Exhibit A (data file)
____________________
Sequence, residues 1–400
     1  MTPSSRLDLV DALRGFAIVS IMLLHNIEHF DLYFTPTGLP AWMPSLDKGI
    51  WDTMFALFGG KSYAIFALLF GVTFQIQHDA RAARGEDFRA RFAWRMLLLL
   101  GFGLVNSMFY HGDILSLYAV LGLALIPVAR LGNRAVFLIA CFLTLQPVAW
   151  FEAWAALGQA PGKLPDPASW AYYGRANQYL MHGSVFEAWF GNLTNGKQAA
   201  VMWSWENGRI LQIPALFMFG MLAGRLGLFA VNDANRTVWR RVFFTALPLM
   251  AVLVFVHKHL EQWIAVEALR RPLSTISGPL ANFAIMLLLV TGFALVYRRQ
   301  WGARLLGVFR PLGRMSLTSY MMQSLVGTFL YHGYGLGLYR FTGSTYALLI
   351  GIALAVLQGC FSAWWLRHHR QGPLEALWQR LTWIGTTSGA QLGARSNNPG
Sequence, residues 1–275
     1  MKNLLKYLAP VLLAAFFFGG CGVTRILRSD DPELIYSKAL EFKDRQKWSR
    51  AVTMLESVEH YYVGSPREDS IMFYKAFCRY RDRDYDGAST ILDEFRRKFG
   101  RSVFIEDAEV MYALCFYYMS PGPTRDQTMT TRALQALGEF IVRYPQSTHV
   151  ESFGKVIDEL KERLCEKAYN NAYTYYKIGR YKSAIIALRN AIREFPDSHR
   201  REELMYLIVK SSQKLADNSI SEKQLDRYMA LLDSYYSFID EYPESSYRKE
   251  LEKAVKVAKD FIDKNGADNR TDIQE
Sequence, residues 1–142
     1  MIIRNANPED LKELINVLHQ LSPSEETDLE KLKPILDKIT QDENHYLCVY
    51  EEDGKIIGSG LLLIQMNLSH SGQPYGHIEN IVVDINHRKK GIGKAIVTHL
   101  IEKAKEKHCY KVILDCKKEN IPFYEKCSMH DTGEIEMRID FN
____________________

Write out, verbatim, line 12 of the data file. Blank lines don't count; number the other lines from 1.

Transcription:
    51  AVTMLESVEH YYVGSPREDS IMFYKAFCRY RDRDYDGAST ILDEFRRKFG